Liver disease is always serious and usually requires considerable veterinary input: firstly to diagnose liver disease, then to establish the exact type and cause of the pathology and its prognosis and then to guide treatment. Treatment can also be complicated and expensive, often including prolonged drug treatment and supportive care with hospitalization.

Forced feeding using tubes is often very important. Maintaining the cat’s nutrition is vital in maximizing the number of cats surviving the common treatable liver diseases.

Making the diagnosis first is important as it’s not right to provide all this veterinary care for a cat when the underlying disease has a hopeless prognosis and there are cats for whom euthanasia at the appropriate time is the kindest option.

Exocrine pancreatic insufficiency (EPI)

Almost all cats will suffer from diarrhoea at some point in their lives. In most cases this lasts no more than a few days and cats generally get better without any treatment. However, in a few cases the diarrhoea is due to a more serious underlying cause and does not resolve. EPI, although uncommon in the cat, is a condition that can cause chronic diarrhoea.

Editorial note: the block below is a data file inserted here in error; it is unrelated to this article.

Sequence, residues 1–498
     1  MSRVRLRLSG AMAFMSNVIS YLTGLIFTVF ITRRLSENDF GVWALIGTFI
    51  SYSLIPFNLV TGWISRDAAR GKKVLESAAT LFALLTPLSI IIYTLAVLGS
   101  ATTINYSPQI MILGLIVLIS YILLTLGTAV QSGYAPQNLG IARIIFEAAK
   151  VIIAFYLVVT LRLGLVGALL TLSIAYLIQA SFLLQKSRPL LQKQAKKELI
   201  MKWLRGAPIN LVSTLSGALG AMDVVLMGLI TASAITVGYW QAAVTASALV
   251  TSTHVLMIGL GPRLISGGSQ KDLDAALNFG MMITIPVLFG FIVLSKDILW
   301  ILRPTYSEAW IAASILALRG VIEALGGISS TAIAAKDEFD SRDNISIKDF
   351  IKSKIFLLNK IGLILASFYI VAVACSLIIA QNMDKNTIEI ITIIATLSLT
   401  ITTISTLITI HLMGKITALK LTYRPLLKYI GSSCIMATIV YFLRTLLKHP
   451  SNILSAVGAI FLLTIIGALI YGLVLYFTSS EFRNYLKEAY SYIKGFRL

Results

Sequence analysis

EPI results in a reduced ability to digest food this means that an affected pet will suffer from chronic diarrhoea and be significantly underweight. Cats with EPI have a good appetite but despite consuming lots of food they are literally starving.

The pancreas is a small organ located close to the stomach. It has an important role in the digestion of food and produces large volumes of digestive enzymes after each meal, which are released into the gut to help digest food as it leaves the stomach. These enzymes are normally stored in specialised storage granules in the pancreas until they are needed.